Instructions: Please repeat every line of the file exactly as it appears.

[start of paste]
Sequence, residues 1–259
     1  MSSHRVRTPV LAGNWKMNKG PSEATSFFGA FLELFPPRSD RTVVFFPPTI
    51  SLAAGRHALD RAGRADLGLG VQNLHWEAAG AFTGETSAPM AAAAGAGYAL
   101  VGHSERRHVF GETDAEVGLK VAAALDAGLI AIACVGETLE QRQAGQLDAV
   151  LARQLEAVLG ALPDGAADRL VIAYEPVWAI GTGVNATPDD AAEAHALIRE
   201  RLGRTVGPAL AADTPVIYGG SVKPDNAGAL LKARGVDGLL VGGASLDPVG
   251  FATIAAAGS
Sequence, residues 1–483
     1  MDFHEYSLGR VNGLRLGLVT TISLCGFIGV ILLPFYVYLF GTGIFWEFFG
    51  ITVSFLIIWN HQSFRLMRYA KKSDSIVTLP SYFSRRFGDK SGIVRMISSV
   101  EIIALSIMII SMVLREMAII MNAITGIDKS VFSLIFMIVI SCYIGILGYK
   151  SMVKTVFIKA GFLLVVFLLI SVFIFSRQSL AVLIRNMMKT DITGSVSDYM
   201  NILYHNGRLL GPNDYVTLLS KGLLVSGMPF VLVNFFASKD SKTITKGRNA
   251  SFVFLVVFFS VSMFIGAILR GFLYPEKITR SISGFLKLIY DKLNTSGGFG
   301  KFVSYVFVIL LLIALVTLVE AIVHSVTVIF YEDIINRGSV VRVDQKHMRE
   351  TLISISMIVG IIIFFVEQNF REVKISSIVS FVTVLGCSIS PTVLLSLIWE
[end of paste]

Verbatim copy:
Sequence, residues 1–259
     1  MSSHRVRTPV LAGNWKMNKG PSEATSFFGA FLELFPPRSD RTVVFFPPTI
    51  SLAAGRHALD RAGRADLGLG VQNLHWEAAG AFTGETSAPM AAAAGAGYAL
   101  VGHSERRHVF GETDAEVGLK VAAALDAGLI AIACVGETLE QRQAGQLDAV
   151  LARQLEAVLG ALPDGAADRL VIAYEPVWAI GTGVNATPDD AAEAHALIRE
   201  RLGRTVGPAL AADTPVIYGG SVKPDNAGAL LKARGVDGLL VGGASLDPVG
   251  FATIAAAGS
Sequence, residues 1–483
     1  MDFHEYSLGR VNGLRLGLVT TISLCGFIGV ILLPFYVYLF GTGIFWEFFG
    51  ITVSFLIIWN HQSFRLMRYA KKSDSIVTLP SYFSRRFGDK SGIVRMISSV
   101  EIIALSIMII SMVLREMAII MNAITGIDKS VFSLIFMIVI SCYIGILGYK
   151  SMVKTVFIKA GFLLVVFLLI SVFIFSRQSL AVLIRNMMKT DITGSVSDYM
   201  NILYHNGRLL GPNDYVTLLS KGLLVSGMPF VLVNFFASKD SKTITKGRNA
   251  SFVFLVVFFS VSMFIGAILR GFLYPEKITR SISGFLKLIY DKLNTSGGFG
   301  KFVSYVFVIL LLIALVTLVE AIVHSVTVIF YEDIINRGSV VRVDQKHMRE
   351  TLISISMIVG IIIFFVEQNF REVKISSIVS FVTVLGCSIS PTVLLSLIWE